01.ACCC issues infringement notices for falsely labelled extra virgin olive oil
A South Australian company has been fined
after Australian Competition and Consumer Commission
tests indicated that its products labelled ‘extra virgin olive oil’ were not the premium products the claim suggested.
The ACCC commissioned testing of seven oils labelled ‘extra virgin olive oil’ after tests by the Australian Olive Association
cast doubt on their quality. Oz Olio was found to have free fatty acids above the levels allowed in Australian and international trade standards, and the producer, the Big Olive Company, paid infringement notices of $13,200.
commissioned by CHOICE in 2010 revealed that half the ‘extra virgin olive oils’ tested failed the International Olive Council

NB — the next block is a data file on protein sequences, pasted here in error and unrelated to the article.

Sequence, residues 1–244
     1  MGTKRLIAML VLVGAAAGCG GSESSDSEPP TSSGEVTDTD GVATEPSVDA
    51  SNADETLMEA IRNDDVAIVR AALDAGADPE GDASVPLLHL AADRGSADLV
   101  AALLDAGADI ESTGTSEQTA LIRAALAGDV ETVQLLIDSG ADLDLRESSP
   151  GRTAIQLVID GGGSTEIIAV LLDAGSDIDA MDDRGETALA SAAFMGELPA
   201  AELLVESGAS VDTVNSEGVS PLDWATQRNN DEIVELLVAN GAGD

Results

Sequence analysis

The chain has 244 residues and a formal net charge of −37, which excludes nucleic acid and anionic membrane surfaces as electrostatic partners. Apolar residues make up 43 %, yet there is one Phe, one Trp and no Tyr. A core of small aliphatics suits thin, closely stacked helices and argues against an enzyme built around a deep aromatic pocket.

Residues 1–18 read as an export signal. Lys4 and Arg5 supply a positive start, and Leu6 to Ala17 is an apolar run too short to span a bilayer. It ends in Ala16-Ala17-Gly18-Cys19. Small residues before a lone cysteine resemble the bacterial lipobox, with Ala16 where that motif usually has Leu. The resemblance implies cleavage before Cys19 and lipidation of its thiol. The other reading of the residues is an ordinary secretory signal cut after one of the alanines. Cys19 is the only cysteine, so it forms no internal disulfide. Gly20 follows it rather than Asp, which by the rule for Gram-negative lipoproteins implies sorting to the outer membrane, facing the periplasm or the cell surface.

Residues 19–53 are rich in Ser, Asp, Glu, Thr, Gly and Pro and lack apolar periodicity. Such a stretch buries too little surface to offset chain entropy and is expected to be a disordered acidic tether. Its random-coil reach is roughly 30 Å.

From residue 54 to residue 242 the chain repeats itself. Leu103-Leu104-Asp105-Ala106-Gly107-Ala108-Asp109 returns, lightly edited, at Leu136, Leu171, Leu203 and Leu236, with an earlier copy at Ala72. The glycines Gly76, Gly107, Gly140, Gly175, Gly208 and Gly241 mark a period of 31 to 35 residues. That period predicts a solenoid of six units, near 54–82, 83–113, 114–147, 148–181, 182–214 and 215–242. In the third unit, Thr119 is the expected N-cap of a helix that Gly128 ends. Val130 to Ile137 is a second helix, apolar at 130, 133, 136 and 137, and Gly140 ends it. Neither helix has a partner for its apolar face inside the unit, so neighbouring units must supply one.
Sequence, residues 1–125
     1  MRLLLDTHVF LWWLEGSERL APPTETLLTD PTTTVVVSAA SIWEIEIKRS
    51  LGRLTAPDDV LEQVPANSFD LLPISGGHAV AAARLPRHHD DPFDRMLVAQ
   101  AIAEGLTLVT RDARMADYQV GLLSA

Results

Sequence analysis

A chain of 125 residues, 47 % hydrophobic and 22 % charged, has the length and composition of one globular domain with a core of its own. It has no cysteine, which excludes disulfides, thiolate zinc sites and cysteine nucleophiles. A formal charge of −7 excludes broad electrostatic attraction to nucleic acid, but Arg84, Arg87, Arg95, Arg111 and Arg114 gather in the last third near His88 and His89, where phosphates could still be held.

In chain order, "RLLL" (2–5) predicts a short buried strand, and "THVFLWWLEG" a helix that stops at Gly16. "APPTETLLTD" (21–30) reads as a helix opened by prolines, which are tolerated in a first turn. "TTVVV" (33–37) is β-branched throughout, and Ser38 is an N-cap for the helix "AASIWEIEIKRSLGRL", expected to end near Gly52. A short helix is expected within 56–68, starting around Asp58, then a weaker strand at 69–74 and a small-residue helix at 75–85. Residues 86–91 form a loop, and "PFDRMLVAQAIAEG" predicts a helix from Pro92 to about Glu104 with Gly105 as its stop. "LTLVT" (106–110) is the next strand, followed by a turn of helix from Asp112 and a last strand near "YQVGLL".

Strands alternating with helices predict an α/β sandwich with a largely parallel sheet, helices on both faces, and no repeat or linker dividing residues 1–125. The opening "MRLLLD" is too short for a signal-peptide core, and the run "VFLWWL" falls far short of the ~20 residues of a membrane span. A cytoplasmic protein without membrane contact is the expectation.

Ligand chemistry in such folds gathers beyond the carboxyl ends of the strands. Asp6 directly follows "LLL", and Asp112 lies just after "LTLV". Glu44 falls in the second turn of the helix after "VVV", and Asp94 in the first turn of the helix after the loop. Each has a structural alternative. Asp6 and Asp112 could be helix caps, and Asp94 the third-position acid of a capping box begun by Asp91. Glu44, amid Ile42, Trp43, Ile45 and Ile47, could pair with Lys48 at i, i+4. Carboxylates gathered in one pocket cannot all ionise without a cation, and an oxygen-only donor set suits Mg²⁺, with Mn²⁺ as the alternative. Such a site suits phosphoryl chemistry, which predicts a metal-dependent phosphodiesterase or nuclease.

’s trade standard. Most of these products were imported from Italy and Spain, reflecting concerns by the Australian Olive Association that many imported products, which are often cheaper than extra virgin olive oils produced locally, are substandard.
Since our tests, an Australian Standard on olive oil has been approved by Standards Australia
with considerable stakeholder consultation. While it is voluntary, it sets out definitions and testing methods, providing a reference point for regulators and courts.
CHOICE welcomes the ACCC’s action and we want to see more rigorous monitoring of olive oils labelled ‘extra virgin’ to ensure consumers are not misled when these claims are used on lower quality oils.